“Migration’s never going to stop. It’s a universal part of our identity.”
As I write, the country that I live in – England, Britain, the UK: I’ve never been entirely sure what to call it – is on the cusp of ceding from the rest of Europe. Tomorrow, everything will have changed and nothing will have done. The sea will be no higher, the winter sky no less blue.
My passport is still burgundy, but it now has a harp on it.
There will be more paperwork, politicians will still be arguing, and nobody will be any happier.
But it all passes.
If museums like EPIC tell us anything it’s that we are an ongoing story. Correction: we are part of a collection of tales. Constantly shifting and growing, always in a state of flux. To describe the diaspora as just one thing – whether from Ireland or of Ireland or simply about Ireland – is to miss the point. The diaspora are more than simply a collection of traits and places and family ties.
They are travellers, adding those traits and places and so on to the places and traits of those they meet, love and start families with. We’re not caught in amber. We don’t simply stop. In that sense, the Irish diaspora isn’t unique. It’s just we do more of it than most.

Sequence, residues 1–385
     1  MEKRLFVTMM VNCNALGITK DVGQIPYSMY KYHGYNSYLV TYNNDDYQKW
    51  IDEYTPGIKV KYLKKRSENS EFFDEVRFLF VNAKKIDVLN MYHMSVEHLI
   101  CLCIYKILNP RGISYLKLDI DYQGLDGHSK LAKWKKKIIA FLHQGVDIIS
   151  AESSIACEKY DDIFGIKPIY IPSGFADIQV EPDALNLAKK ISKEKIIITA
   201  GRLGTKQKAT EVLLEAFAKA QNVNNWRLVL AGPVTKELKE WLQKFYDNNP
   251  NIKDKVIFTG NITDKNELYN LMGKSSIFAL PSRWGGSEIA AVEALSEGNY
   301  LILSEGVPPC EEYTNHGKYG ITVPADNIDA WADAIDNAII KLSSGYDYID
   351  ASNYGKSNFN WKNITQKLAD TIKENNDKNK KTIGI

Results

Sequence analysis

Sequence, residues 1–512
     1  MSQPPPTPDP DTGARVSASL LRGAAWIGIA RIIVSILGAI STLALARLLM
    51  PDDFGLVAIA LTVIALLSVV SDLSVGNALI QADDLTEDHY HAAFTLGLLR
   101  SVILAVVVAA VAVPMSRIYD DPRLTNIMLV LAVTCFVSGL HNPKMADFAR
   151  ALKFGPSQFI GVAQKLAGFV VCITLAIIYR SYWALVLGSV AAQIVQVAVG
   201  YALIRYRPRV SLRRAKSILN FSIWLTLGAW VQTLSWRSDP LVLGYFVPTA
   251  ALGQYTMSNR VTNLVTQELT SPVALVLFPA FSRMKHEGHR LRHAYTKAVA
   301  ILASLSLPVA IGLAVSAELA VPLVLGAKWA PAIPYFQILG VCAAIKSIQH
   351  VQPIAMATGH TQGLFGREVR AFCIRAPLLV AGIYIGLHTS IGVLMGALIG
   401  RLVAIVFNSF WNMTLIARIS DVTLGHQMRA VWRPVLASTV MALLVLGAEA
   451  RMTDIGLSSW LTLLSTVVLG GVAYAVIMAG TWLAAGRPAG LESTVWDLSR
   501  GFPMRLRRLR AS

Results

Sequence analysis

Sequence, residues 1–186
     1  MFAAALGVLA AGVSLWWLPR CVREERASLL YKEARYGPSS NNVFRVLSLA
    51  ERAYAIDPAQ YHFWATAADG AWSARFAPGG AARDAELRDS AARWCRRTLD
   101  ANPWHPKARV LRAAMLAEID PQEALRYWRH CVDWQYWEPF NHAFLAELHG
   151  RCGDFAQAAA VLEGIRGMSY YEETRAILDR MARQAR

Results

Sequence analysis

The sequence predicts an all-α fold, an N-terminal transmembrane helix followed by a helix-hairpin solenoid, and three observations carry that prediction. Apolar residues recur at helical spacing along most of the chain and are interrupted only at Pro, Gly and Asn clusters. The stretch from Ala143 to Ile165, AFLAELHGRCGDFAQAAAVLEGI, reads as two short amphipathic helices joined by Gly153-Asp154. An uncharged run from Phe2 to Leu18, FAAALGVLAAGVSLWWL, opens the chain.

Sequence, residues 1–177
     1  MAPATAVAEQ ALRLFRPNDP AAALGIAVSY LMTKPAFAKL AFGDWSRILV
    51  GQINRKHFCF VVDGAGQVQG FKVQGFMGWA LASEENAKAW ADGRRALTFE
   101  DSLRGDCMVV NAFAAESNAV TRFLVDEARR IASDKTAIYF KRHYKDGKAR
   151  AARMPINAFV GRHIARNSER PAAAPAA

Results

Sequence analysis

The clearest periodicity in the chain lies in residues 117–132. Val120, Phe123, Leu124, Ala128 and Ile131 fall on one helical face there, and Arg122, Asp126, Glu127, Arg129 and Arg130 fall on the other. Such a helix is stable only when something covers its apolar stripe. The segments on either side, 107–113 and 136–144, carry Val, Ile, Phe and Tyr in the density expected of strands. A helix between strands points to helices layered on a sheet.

And that – to me – is the purpose of EPIC. To acknowledge not just the width and the depth of those stories but also to keep reminding us that they’re ongoing. Reaching back ever further with one hand into the past but also grasping with the other at the future. In my conversation with Nathan Mannion, I was stuck by his own family stories. Of how decisions made can be remade. Of how the most basic of divisions can eventually be reconciled. Of how life changes with the simplest of choices.
It’s all of these things that make the diaspora a continuing source of fascination and fable.
Change is eternal.
It’s what makes us epic.